FOR 15 years, from 1964 to 1979, a bitter and bloody war was fought in and outside the country as the people calling themselves Zimbabweans today sought the right to vote and access their land which had been usurped by colonial settlers.

Waging the guerrilla armed struggle were the country’s sons and daughters backed by theirs fathers, mothers, grandparents and siblings. Even some among the colonial settlers joined the struggle, offering shelter and clothes to those waging the bush war.

This is contrary to some, especially in Zanu PF, who are distorting the history of the war of liberation to say it was fought only by the surviving war veterans and those who died, we are honouring today. When the armed struggle, which became also known as the Second Chimurenga or Umvukela began, it became increasingly clear that the war would not be won conventionally.

So the “fish in water” concept of the war emerged, whereby the guerrilla war fighters used unarmed civilians as cover, meaning that the unarmed citizens protected them by feeding and clothing them as well as providing logistical and tactical information to help defeat the Rhodesian colonial regime.

However, despite the fact that the war for independence actually started in Matabeleland and that the majority positively participated in the struggle for self-rule, it is quite saddening that the narrative has been distorted to now appear as if only those who had guns liberated this country.

Everyone played their part and both the armed and unarmed sacrificed for Zimbabwe’s independence. Without the help of the unarmed civilians, the war may not have been won and vice-versa. Our late heroes were, therefore, both armed and unarmed.

Consequently, the Heroes Day we commemorate today belongs to all of us and should unite us as a nation. This day should remind us that we are one people who struggled together and should not continue to see each other as enemies simply because we differ in the way we think the country should be governed.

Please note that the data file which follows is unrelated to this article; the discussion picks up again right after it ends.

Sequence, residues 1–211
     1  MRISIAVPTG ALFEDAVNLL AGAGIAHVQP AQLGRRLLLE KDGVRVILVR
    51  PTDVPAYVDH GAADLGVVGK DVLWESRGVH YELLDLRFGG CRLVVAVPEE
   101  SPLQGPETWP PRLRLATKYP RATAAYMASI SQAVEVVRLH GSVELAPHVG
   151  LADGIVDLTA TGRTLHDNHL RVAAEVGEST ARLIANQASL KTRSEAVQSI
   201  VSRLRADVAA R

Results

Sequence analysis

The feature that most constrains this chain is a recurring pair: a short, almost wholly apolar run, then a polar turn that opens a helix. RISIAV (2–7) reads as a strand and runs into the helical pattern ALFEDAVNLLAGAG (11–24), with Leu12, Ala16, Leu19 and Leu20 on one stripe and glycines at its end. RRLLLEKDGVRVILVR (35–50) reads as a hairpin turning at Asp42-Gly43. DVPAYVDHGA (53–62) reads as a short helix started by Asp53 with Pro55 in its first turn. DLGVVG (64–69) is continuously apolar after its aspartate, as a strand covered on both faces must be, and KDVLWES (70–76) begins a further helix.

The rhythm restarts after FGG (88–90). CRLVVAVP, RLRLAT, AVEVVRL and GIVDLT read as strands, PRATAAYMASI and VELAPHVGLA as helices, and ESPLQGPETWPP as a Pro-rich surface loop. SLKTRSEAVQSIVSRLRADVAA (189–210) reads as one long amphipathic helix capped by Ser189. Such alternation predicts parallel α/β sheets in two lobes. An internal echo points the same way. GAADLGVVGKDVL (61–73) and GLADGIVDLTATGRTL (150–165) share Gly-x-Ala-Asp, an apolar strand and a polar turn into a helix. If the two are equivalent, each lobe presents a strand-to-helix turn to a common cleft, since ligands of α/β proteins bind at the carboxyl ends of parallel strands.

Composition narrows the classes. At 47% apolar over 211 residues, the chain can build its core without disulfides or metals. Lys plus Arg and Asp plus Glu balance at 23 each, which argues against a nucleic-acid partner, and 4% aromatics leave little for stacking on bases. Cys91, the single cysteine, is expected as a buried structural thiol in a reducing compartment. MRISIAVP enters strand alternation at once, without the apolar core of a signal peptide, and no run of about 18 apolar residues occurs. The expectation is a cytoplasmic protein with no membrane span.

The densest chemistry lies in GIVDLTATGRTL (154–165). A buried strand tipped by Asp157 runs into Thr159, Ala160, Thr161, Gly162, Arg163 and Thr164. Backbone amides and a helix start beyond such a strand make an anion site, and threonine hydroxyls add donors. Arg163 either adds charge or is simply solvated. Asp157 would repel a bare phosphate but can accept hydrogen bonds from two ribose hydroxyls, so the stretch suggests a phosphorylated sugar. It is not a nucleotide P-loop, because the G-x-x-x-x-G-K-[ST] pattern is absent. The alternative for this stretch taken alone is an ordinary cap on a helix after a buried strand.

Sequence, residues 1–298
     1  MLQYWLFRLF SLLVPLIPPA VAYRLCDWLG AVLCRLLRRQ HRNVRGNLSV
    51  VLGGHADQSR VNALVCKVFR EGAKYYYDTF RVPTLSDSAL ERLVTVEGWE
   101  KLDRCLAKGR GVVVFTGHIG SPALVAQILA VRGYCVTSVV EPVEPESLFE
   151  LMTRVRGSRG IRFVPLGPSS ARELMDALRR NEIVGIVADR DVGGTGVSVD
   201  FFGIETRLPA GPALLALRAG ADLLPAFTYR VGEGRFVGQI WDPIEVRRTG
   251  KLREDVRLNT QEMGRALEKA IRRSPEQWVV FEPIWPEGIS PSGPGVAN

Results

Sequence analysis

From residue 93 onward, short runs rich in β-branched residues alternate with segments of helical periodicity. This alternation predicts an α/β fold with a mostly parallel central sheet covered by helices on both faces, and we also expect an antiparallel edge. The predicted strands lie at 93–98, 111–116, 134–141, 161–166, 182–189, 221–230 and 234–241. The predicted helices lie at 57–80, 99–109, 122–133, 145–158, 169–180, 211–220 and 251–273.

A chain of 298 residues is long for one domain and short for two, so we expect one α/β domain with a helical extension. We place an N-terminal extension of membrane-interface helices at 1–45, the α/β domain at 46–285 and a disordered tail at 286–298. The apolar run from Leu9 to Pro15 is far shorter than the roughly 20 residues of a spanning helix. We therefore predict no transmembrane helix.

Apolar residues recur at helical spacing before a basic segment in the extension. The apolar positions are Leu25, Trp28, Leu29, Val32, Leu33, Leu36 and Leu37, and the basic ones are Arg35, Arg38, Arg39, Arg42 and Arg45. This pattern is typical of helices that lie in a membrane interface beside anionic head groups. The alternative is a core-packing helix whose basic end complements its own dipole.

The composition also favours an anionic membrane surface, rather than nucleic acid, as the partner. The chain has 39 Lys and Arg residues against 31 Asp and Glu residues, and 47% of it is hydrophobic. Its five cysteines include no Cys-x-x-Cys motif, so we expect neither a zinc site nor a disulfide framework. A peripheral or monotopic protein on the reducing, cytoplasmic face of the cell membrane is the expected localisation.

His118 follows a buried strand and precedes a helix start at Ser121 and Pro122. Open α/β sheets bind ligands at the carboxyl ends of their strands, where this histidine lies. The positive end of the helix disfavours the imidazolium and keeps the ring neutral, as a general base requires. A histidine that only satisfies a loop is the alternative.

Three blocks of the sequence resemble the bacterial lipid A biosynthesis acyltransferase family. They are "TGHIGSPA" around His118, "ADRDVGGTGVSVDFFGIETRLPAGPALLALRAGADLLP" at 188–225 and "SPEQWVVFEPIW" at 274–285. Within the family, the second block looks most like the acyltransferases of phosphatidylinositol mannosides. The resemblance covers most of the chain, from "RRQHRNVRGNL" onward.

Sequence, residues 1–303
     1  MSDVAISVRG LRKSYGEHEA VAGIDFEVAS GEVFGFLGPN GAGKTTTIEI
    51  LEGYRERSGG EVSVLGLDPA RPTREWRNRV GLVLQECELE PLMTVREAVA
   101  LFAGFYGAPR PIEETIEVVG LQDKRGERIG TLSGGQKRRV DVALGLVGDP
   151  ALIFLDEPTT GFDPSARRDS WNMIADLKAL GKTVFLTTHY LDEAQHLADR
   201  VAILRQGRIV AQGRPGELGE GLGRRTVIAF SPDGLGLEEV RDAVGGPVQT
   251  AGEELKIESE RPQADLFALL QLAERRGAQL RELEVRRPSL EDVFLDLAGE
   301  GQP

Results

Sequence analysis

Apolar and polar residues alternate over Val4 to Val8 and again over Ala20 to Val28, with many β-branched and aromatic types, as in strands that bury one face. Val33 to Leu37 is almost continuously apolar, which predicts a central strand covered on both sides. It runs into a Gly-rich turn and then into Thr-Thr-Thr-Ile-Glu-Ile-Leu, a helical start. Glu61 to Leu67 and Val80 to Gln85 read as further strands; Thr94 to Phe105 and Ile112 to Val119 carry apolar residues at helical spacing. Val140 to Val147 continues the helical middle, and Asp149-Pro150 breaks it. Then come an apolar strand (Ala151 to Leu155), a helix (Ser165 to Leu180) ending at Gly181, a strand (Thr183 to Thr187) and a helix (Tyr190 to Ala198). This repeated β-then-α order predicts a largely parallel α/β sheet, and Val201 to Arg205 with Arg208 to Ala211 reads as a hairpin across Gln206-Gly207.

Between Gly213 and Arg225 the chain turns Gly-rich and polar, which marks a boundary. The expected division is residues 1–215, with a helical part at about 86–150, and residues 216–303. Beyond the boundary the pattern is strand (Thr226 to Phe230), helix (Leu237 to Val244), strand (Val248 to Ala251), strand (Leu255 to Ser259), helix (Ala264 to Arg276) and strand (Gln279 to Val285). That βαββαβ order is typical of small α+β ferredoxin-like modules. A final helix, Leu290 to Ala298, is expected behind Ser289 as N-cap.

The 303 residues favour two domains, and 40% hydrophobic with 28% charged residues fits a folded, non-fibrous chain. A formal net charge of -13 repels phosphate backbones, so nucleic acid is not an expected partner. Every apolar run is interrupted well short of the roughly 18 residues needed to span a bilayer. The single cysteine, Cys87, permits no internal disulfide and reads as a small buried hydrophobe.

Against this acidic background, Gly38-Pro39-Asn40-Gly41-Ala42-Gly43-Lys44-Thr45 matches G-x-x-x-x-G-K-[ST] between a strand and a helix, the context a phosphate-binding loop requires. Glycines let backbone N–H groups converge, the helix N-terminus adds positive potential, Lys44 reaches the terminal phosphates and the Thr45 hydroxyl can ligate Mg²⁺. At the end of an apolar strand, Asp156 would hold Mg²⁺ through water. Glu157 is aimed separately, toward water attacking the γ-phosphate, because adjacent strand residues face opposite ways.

Tragically, those who are raising their voices against rampant corruption, human rights abuses and lawlessness are now being accused of selling out the ideals of the liberation struggle by those who are monopolising the gains of the Second Chimurenga.

And it is also quite disheartening that those among us who survived the bush war, the war veterans, appear wont to holding the nation to ransom by keeping on demanding to be compensated for their role in the struggle.

This is the sad reality simply because there are many among the ruling elite who have decided to selfishly loot national resources through corruption, human rights abuses and lawlessness.

If all of us remember that the majority of people played an important role in the independence struggle, we should all benefit from the country’s resources such as land and minerals, then there would be no problem in uniting to remember those who perished fighting for freedom from colonial bondage.

The widening gap between the filthy rich ruling elite and the ordinary Zimbabweans wallowing in abject poverty is one of the major reasons why people are shunning celebrating Heroes Day because it now appears as if our sons, daughters, brothers, sisters, grandfathers and mothers died in vain.

We can only honour those who died freeing this country by respecting our Constitution and arresting all such vices as corruption, human rights abuses and lawlessness that are dividing us as a people.

Source Newsday